What Science Tells Us About Giving Thanks

 

As many of us sit down to big Thanksgiving dinners this weekend, I wonder if many indeed reflect on that which they are thankful for, or if most are celebrating out of tradition, obligation, or some other reason.  When people post on social media about what they’re thankful for, are they really sitting down to reflect on it, or just jumping on the hash-tag bandwagon?  While it is certainly important to remember the historical significance of Thanksgiving, it is also important to understand how impactful giving thanks really is.

 

Incorporating gratitude into daily life can have a significant impact on one’s mental and physical health. In fact, research tells us that you can actually positively impact neural activity in the brain by exercising gratitude on a regular basis, not to mention that a significantly greater and long

 

 lasting sensitivity to gratitude is developed.   

So what does this actually mean in real life? Well, people who have learned to exercise gratitude are shown to be generally happier, physically healthier, more resilient, have a greater degree of mental toughness, and have lower rates of anxiety and depression.  What’s great about it too, is that once you get the hang of it and it becomes automatic, the more effective and long-lasting it becomes.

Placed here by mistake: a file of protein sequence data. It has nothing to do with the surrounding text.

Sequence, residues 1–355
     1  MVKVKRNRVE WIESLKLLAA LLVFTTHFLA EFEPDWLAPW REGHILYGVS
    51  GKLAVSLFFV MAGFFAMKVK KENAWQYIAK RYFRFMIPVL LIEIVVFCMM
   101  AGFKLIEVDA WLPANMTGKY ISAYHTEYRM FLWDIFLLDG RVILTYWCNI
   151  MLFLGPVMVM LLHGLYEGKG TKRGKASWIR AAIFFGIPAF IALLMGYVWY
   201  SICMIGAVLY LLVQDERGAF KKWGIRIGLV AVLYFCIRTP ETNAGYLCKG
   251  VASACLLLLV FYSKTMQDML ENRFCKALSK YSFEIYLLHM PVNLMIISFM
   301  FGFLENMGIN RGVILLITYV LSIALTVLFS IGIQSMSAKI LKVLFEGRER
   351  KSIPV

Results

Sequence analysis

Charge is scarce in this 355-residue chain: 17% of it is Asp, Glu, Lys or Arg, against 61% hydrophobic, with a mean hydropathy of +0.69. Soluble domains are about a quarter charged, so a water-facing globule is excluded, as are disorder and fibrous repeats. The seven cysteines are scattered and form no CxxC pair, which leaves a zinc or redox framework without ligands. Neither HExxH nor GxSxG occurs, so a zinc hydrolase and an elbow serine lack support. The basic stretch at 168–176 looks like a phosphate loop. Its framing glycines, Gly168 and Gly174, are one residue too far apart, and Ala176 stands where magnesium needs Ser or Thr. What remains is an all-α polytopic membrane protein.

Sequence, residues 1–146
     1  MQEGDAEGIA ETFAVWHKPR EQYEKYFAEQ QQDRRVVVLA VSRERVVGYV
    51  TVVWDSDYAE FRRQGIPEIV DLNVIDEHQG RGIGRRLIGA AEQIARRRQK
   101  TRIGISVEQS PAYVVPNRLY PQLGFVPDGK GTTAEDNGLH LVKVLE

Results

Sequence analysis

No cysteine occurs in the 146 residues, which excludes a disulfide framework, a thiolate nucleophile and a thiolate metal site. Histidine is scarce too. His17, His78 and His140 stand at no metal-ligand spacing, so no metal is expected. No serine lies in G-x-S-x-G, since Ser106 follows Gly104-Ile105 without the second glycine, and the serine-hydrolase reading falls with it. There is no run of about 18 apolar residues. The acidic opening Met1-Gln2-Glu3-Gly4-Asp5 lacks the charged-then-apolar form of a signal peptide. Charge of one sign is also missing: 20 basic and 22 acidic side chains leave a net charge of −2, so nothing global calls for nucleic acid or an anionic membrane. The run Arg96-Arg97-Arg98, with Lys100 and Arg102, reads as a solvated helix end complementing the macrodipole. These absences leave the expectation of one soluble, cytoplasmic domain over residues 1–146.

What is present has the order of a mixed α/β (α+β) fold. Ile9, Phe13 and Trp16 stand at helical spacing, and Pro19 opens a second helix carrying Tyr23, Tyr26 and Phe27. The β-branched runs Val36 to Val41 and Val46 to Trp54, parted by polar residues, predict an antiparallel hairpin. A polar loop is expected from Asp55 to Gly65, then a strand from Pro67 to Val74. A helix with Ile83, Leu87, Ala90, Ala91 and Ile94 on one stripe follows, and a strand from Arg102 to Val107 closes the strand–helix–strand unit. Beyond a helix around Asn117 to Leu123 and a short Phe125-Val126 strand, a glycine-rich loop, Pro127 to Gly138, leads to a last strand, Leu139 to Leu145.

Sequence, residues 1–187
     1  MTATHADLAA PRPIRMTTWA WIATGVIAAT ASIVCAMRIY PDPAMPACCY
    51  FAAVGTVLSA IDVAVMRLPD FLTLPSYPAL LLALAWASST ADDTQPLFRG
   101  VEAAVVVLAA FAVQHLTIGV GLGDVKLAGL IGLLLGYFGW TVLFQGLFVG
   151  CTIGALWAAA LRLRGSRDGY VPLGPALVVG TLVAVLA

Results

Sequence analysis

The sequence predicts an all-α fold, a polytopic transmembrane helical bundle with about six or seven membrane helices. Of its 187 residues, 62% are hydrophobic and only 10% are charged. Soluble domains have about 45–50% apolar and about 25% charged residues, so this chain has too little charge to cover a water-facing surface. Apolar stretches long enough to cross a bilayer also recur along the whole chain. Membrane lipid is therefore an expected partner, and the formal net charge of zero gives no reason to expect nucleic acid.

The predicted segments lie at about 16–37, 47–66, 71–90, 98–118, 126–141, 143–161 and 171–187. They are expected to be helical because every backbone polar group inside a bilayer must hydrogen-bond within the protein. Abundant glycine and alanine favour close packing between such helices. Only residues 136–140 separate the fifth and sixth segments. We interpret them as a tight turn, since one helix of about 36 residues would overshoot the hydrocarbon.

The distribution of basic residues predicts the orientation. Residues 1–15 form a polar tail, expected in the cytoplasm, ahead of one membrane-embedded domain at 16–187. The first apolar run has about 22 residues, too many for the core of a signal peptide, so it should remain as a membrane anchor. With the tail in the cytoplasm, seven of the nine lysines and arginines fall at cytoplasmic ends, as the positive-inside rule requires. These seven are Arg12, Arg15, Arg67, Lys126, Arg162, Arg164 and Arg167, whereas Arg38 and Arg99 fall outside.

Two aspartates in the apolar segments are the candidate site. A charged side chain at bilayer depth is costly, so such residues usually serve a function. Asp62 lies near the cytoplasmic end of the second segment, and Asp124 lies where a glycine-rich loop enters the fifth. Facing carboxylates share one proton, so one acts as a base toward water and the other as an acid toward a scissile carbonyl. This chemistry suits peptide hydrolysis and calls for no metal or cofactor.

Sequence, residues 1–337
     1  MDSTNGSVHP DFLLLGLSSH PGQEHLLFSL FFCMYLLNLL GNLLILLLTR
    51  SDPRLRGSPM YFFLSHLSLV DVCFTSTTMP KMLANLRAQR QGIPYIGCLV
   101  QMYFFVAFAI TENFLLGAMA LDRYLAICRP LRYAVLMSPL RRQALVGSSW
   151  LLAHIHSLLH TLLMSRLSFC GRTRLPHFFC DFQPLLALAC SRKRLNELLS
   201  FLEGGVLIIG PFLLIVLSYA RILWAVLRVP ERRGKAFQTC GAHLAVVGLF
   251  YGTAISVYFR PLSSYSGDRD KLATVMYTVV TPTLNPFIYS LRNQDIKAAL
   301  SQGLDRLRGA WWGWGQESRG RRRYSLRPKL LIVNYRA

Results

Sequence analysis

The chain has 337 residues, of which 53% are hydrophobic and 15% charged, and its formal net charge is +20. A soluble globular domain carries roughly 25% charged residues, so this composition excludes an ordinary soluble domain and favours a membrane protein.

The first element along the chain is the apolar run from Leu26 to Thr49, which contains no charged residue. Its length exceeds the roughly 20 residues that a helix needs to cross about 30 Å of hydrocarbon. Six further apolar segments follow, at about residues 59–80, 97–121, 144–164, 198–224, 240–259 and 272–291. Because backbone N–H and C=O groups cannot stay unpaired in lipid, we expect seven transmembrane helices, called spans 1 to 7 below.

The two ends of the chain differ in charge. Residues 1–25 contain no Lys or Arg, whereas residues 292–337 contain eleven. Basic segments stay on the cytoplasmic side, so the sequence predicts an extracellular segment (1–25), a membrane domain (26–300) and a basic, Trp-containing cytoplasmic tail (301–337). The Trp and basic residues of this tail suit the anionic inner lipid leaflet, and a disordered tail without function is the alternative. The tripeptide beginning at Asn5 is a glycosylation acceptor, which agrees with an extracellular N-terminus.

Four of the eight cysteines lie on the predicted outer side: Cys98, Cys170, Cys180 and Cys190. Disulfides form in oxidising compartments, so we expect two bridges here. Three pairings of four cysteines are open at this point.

A simple exercise to get you started:

 

At the end of each day for the next 30 days, grab a journal or notebook, write down the date at the top of the page, and write down three things you were grateful about that day.  These things can be big or small, about people, things, what you ate, who you talked to—anything. The goal here is to focus on those things that made today great.  This exercise is especially important on those crummy days where it feels like nothing went right. Give this a try today—you’ll thank me.

 

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